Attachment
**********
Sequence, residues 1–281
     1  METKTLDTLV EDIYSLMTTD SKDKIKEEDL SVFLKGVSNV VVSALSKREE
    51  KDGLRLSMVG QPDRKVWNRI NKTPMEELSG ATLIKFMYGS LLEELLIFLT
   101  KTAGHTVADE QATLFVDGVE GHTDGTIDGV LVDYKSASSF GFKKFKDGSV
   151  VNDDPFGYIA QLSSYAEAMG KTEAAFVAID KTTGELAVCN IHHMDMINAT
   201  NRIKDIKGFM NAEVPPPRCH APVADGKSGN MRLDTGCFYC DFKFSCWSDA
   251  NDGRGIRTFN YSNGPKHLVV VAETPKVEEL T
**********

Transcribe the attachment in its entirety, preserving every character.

Sequence, residues 1–281
     1  METKTLDTLV EDIYSLMTTD SKDKIKEEDL SVFLKGVSNV VVSALSKREE
    51  KDGLRLSMVG QPDRKVWNRI NKTPMEELSG ATLIKFMYGS LLEELLIFLT
   101  KTAGHTVADE QATLFVDGVE GHTDGTIDGV LVDYKSASSF GFKKFKDGSV
   151  VNDDPFGYIA QLSSYAEAMG KTEAAFVAID KTTGELAVCN IHHMDMINAT
   201  NRIKDIKGFM NAEVPPPRCH APVADGKSGN MRLDTGCFYC DFKFSCWSDA
   251  NDGRGIRTFN YSNGPKHLVV VAETPKVEEL T